Please use this identifier to cite or link to this item:
Title: The microvascular anatomy of the lung in adult xenopus laevis daudin (lissamphibia; anura): Scanning electron microcopy of vascular corrosion casts and correlative light microscopy
Authors: Wasan Tangphokhanon
Alois Lametschwandtner
Keywords: Agricultural and Biological Sciences
Earth and Planetary Sciences
Environmental Science
Issue Date: 1-Feb-2013
Abstract: Using scanning electron microscopy (SEM) of vascular corrosion casts (VCCs), correlative light microscopy of paraplast embedded Goldner stained serial tissue sections, and 3D-morphometry, we studied the topographic microvascular anatomy of the septate paired lung of the adult African Clawed Toad, Xenopus laevis Daudin. Histomorphology showed that primary, secondary and tertiary septa arise from the lung walls, have a loose connective tissue core, and subdivide the lumen into primary, secondary and tertiary blind ending alveoli. SEM of VCCs revealed that right and left pulmonary arteries, which approached the lung along the lateral aspect of the bronchus, ran inside the lung parenchyma towards caudal. Circumferential arteries branched off in acute angles from dorsal and lateral sides of the pulmonary arteries and ran towards the medial pleural surface. Circumferential arteries gave off radial arteries which ran straight towards the visceral pleura, bifurcated into radial arterioles, and capillarised at regular intervals to form the alveolar capillary beds. The venous drainage basically mirrored the arterial supply (i.e. alveolar capillaries drained into radial venules) which emptied into the radial veins. The radial veins merged into the larger circumferential veins, which finally drained into the ipsilateral pulmonary vein. At the level of the bronchi, left and right pulmonary veins joined at the midline and formed a single pulmonary vein which emptied into the right atrium. Venous valves were absent. Peribronchial shunt vessels were not found. The interalveolar vessels (arterioles, venules and capillaries), found for the first time in the present study, are thought to function – depending on the respiratory cycle, rates of oxygen consumption or other physiological needs – as bypasses. © 2013 Taylor & Francis Group, LLC. All rights reserved.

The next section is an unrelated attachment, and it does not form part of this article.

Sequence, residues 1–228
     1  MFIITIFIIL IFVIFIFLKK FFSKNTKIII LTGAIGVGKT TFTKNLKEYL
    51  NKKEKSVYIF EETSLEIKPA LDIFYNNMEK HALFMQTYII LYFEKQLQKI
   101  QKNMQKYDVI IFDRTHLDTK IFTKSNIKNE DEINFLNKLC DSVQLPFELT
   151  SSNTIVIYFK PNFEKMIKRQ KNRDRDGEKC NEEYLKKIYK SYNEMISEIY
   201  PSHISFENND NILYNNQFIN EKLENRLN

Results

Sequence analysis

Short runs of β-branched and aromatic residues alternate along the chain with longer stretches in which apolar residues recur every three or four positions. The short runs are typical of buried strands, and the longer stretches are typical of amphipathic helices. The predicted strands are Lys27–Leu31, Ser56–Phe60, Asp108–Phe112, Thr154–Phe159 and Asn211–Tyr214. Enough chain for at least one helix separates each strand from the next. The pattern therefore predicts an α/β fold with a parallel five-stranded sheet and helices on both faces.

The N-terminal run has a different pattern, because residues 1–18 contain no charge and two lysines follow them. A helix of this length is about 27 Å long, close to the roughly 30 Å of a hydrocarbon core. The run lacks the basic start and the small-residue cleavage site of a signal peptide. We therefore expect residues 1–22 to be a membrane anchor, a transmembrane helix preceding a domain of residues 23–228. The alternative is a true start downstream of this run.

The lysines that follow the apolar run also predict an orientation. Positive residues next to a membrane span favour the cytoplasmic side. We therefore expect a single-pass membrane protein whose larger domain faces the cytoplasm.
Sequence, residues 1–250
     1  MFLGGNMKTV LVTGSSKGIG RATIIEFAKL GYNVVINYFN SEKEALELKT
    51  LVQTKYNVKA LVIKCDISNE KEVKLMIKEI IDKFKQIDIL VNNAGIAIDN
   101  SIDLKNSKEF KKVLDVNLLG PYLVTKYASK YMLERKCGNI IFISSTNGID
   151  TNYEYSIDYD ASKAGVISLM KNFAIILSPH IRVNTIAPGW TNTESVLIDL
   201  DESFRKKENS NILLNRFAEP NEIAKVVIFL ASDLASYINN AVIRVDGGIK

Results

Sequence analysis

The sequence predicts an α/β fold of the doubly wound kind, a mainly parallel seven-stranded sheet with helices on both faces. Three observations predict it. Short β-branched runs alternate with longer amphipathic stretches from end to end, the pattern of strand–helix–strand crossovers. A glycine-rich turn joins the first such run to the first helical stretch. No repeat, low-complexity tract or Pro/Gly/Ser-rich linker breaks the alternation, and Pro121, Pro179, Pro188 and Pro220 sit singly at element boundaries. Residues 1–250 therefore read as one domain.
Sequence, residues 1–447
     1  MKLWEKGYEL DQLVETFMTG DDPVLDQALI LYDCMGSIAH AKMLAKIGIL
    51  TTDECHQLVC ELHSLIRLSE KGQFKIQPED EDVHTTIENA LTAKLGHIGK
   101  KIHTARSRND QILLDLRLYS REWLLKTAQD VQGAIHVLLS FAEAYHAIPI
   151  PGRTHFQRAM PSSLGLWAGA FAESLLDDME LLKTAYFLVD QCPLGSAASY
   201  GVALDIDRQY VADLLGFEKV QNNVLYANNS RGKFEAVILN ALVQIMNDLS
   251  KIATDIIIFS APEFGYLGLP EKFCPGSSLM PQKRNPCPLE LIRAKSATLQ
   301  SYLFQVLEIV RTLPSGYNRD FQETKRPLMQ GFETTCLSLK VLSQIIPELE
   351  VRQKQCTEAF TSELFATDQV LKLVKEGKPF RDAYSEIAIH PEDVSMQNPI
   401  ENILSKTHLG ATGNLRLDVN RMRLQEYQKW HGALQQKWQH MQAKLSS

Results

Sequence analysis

ISSN: 0035919X
Appears in Collections:CMUL: Journal Articles

Files in This Item:
There are no files associated with this item.

Items in CMUIR are protected by copyright, with all rights reserved, unless otherwise indicated.